Science’s COVID-19 reporting is supported by the Pulitzer Center.
The U.S. Food and Drug Administration (FDA) today revoked its emergency use authorization (EUA) for hydroxychloroquine sulfate (HCQ) and chloroquine phosphate (CQ) to treat COVID-19. The two antimalaria drugs, touted by President Donald Trump and others as potential game-changers in tackling the new coronavirus that causes COVID-19, have failed in recent randomized controlled clinical trials to prevent disease in newly infected people or treat those with symptoms. In April, former FDA leaders decried the agency’s decision to authorize emergency use of the drugs, asserting it was based on political pressure, not scientific evidence.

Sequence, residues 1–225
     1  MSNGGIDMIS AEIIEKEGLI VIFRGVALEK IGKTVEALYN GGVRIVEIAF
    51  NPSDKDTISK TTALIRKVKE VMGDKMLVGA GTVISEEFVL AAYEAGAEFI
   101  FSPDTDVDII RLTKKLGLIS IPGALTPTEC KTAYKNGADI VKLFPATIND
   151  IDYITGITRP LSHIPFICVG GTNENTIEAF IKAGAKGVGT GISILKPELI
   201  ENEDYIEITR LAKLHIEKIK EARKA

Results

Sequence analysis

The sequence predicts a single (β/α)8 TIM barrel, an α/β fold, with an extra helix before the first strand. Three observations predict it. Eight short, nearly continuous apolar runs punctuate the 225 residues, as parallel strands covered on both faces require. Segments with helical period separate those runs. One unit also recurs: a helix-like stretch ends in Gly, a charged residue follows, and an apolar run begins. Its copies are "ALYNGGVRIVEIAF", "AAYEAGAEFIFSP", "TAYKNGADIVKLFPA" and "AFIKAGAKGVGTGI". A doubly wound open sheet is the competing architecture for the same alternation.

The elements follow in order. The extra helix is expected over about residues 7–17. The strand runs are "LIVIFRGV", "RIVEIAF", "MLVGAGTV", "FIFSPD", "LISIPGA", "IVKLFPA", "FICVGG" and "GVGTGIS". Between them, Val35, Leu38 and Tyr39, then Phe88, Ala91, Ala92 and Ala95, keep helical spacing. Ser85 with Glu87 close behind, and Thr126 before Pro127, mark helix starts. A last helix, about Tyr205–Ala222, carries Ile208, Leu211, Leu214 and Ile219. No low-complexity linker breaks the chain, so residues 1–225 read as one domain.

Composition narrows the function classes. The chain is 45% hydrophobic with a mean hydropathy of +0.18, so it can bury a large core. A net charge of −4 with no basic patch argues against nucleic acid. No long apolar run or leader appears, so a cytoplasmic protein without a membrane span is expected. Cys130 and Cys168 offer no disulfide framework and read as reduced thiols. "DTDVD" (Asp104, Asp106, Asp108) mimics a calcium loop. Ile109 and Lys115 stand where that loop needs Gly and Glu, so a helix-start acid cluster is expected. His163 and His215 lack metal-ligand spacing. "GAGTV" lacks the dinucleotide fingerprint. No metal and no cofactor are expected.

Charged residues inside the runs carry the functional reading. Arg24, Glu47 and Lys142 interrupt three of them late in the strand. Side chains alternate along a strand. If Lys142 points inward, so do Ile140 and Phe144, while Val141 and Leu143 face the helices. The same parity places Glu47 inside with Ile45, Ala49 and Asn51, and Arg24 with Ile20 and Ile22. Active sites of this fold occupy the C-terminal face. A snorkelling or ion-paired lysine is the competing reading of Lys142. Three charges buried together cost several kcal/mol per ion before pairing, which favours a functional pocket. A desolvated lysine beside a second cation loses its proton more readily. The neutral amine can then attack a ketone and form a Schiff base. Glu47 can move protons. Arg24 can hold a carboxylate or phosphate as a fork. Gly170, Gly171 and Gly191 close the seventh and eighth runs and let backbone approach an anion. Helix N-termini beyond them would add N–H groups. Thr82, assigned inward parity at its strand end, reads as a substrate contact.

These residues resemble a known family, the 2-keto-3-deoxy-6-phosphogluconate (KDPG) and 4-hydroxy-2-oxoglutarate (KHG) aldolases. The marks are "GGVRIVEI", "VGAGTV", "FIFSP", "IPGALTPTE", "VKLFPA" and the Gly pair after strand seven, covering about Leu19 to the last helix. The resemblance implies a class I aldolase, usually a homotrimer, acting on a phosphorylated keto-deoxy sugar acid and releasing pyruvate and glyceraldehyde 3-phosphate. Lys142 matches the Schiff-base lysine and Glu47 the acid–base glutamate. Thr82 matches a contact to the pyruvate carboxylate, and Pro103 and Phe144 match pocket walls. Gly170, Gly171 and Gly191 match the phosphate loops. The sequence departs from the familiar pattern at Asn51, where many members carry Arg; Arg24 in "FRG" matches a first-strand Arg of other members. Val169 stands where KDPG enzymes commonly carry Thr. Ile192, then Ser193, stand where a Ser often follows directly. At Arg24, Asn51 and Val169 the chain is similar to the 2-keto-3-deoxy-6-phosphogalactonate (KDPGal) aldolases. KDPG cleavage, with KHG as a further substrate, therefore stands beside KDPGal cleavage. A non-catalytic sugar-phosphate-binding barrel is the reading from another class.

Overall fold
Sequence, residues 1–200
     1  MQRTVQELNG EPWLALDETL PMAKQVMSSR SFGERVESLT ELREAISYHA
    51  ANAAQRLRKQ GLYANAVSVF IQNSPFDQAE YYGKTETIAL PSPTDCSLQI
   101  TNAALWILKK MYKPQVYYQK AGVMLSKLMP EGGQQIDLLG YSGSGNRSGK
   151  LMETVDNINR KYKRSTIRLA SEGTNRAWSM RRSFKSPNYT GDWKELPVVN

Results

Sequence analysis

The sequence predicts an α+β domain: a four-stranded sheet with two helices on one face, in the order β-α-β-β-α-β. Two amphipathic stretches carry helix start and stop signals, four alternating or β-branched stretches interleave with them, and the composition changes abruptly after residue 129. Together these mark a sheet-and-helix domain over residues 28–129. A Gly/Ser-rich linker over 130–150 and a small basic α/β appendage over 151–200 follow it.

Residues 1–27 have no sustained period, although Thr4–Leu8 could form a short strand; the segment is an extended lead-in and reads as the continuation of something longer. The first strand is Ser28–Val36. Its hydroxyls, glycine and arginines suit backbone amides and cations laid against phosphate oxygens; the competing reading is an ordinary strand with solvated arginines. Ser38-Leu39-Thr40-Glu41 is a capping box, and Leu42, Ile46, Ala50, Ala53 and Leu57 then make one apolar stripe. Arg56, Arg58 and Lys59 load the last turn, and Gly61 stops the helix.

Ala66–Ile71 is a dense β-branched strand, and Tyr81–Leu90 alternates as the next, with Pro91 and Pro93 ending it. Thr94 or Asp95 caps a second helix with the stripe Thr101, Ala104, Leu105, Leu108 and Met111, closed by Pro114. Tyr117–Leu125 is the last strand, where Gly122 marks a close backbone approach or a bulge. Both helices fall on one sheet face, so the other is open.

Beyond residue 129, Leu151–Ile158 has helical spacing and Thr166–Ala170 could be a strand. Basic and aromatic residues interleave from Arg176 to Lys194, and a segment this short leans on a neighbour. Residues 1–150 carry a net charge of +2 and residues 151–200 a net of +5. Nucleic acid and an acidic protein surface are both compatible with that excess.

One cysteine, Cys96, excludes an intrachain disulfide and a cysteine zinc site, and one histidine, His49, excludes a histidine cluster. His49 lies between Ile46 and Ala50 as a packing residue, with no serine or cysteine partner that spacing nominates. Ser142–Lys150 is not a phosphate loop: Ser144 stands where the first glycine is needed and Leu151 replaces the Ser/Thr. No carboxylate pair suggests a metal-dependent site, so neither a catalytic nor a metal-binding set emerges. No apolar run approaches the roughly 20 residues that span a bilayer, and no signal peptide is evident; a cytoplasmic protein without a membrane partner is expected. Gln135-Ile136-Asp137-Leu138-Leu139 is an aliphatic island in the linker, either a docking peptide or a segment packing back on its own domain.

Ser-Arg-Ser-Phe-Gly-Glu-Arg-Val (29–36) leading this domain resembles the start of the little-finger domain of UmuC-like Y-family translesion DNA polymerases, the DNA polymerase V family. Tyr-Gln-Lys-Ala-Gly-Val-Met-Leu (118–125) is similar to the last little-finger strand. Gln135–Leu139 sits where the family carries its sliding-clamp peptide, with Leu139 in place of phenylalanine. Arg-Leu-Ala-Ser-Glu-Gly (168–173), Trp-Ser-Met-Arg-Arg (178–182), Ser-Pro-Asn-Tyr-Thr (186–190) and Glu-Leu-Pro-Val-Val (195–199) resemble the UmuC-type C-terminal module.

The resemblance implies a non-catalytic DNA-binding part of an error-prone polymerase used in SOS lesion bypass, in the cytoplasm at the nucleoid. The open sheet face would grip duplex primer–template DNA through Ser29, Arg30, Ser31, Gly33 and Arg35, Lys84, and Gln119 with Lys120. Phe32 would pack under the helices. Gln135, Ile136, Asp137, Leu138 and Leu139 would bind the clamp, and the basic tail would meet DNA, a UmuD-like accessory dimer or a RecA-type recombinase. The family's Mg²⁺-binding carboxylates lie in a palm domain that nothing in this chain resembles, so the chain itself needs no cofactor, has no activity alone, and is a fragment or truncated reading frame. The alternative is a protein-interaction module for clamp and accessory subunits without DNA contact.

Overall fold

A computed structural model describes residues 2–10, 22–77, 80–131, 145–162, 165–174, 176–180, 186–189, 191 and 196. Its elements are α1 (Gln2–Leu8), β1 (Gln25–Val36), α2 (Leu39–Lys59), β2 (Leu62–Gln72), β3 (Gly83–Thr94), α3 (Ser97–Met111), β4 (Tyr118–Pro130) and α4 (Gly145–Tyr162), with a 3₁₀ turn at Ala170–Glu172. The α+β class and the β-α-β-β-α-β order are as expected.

“I’m glad to see FDA remediate an action that was a significant departure from its science-based approach. I hope this is a step forward to FDA regaining its independence and for making decisions that are based on science and the public interest,” says Luciana Borio, a former FDA acting chief scientist who directed medical and biodefense preparedness for Trump’s National Security Council.